Mickey Check logo, courtesy of Walt Disney brands

It always makes me happy to report on companies that do good things, but when those good things involve kids and kids’ health – all the more so!  Back in January, after reading this article on Food Business News, I immediately started chasing down contacts at Disney to learn more about their healthy children’s menus.  That’s right – America’s largest theme parks are serving up healthy foods for kids which can be found all over, from kiosks to restaurants. I recently caught up with Gary Jones, the Culinary Dietary Specialist for Walt Disney Parks and Resorts and heard all about the programs’ successes and future goals.  

Healthy meals for children have been an increasing priority at Disney Parks since 2006, when they first aimed to offer well-balanced kids meals.  Then in 2011, responding to parent feedback that Disney should lead the charge in healthy foods, the “Mickey Check” program was launched.  Foods with the Mickey Check meet Disney Nutrition Guidelines, limiting calories, saturated fat, sodium and added sugar.  More information on the guidelines can be found here.

Adding to the growing list of Mickey Check items available at fruit carts and quick-serve locations throughout the parks, over 40 restaurants now serve full meals which meet the guidelines.  As of last fall, that totaled 50% of kids’ meals in table-service restaurants meeting Mickey Check standards.  While vacation is a time to let loose a little, Gary points out that you “can’t be indulgent every day!”  Certainly parents agree, as he also told me that half of parents are seeking out the Mickey Check when looking for dining options. 

When I asked Gary specifically about whole grains, I was excited to hear about the variety being offered.  Whole grain pastas are available for substitute at many locations, and brown rice makes a frequent appearance on restaurant menus.  Since each restaurant has its own chef, kitchen, and menu, there is great grain potential!  Among the delicious items mentioned were:  roasted beet salad with millet, quinoa pilaf and even spaetzle made from spelt flour.  All chefs at Disney restaurants are free to build their own menus, and experimenting with grains is something Gary tells me is certainly on their radar.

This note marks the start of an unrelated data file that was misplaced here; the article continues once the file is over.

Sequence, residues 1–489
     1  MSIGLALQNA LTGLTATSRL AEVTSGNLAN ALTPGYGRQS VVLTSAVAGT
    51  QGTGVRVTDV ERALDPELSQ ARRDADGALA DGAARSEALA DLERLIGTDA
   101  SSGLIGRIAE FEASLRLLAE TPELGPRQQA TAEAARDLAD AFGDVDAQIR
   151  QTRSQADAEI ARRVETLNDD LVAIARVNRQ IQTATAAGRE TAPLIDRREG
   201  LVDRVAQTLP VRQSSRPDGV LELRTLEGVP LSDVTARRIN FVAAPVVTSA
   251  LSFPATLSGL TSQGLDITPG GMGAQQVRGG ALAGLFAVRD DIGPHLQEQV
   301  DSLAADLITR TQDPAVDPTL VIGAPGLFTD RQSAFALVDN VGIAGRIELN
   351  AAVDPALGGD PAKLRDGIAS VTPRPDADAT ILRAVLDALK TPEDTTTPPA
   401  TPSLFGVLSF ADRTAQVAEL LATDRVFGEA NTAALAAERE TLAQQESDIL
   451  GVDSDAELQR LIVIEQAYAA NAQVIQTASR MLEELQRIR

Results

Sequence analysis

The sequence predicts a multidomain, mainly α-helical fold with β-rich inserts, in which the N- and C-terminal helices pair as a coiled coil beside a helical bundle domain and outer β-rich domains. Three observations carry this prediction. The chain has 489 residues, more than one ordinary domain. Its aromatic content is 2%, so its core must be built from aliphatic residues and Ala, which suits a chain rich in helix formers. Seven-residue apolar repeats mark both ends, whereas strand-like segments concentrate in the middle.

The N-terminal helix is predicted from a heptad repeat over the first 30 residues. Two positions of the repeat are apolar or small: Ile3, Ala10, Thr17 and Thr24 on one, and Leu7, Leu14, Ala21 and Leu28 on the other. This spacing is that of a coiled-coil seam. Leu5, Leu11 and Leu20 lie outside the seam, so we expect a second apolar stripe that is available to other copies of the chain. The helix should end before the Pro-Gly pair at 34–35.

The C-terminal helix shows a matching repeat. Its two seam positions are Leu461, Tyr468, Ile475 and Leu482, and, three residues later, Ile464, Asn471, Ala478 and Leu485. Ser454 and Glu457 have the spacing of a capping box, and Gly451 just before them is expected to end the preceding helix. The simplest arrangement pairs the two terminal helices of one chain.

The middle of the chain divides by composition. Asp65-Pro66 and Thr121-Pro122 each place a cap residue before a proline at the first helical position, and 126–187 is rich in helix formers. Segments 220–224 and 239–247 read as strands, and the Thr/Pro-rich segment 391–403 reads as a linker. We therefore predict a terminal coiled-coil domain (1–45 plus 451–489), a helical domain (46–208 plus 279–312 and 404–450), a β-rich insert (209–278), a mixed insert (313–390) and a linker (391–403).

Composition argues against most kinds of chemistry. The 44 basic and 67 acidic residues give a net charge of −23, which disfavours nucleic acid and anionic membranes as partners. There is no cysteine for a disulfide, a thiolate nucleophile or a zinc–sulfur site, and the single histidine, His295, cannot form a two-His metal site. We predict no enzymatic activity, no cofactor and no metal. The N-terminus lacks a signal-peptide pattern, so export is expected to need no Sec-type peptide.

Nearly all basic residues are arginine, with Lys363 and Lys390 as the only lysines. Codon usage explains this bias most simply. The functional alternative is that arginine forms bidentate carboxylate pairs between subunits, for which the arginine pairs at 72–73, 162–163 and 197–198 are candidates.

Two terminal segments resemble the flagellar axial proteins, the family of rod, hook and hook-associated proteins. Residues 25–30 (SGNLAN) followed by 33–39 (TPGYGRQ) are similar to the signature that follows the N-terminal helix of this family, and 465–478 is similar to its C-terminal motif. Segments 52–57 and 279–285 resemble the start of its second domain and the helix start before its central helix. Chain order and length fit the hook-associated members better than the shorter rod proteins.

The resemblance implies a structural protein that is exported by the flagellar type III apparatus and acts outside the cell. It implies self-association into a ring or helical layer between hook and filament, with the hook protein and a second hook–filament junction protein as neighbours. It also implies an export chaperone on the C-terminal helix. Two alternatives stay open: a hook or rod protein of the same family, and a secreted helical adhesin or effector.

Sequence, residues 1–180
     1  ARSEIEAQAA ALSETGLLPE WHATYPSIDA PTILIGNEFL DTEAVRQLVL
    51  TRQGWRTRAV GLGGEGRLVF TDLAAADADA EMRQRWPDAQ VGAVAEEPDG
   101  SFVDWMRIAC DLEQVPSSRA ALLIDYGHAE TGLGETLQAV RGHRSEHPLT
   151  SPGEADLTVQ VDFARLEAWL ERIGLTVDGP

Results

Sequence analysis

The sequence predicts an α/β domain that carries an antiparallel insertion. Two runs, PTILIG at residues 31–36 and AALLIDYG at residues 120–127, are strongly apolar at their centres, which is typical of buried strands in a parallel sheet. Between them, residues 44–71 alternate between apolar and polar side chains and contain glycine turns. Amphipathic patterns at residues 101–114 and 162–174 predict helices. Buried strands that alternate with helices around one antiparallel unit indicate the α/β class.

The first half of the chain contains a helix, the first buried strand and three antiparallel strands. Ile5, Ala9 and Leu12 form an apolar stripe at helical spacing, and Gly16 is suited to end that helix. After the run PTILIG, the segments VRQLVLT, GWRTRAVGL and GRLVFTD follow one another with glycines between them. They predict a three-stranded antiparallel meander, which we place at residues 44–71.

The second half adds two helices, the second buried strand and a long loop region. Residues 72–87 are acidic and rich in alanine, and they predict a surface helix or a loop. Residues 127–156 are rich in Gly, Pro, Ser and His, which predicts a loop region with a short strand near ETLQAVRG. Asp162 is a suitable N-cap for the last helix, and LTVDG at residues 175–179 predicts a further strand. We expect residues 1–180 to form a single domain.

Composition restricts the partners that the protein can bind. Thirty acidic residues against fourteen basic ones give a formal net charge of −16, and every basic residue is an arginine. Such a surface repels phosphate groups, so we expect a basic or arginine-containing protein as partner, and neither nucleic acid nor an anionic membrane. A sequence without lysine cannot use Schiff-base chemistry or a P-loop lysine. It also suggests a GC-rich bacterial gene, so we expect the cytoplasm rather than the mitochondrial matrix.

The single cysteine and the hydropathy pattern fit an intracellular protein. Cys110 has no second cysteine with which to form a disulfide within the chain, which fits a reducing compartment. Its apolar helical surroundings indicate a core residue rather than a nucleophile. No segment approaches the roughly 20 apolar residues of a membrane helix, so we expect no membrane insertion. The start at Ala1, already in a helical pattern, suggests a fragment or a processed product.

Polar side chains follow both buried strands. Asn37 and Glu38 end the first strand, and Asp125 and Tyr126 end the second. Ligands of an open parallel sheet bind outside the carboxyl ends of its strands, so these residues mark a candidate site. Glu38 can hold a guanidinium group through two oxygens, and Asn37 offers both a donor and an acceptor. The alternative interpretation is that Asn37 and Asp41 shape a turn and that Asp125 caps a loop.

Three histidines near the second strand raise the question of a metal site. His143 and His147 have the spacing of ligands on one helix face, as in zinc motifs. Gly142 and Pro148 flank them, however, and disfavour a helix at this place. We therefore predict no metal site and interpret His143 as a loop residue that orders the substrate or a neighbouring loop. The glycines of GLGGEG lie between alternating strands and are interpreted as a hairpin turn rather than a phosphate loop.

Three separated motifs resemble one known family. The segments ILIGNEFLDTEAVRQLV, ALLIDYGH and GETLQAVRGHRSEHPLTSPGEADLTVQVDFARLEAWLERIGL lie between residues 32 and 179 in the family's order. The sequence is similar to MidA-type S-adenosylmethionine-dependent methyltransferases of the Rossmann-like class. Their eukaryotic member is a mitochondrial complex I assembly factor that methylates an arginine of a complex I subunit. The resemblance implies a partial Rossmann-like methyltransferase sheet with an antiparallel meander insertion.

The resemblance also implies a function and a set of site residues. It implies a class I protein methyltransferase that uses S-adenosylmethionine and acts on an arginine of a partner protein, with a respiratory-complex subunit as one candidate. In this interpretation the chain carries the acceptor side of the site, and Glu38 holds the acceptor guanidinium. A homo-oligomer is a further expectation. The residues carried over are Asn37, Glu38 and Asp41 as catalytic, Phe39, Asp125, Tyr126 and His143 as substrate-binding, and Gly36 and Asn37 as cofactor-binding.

A quick websearch found many more examples of kid-friendly foods, chock full of whole grains.  At the Be Our Guest restaurant, for instance, bulgur wheat is mixed into the turkey meatloaf (shaped like Mickey Mouse, served with day-glo orange carrot ketchup!) for an extra whole grain kick.  At the Sci Fi Dine-In Theater Restaurant, the kids menu offers choices like whole wheat penne with chicken or grilled salmon with ancient grains.  And Kouzzina, in Disney’s Boardwalk Inn, serves a whole grain croissant.

If Disney parks are on your vacation list, there is abundant information on where to eat and what is offered.  Disneydining.com is an official Disney website listing restaurants, menus and reviews on all things edible at Disney parks.  The Disney Food Blog is an independent blog, jam-packed with insider info, tips on Disney Dining plans and how to make reservations at Disney restaurants, and where to find those tasty treats that can’t be missed.  Bon Voyage!


Mickey Check logo, courtesy of Walt Disney brands.

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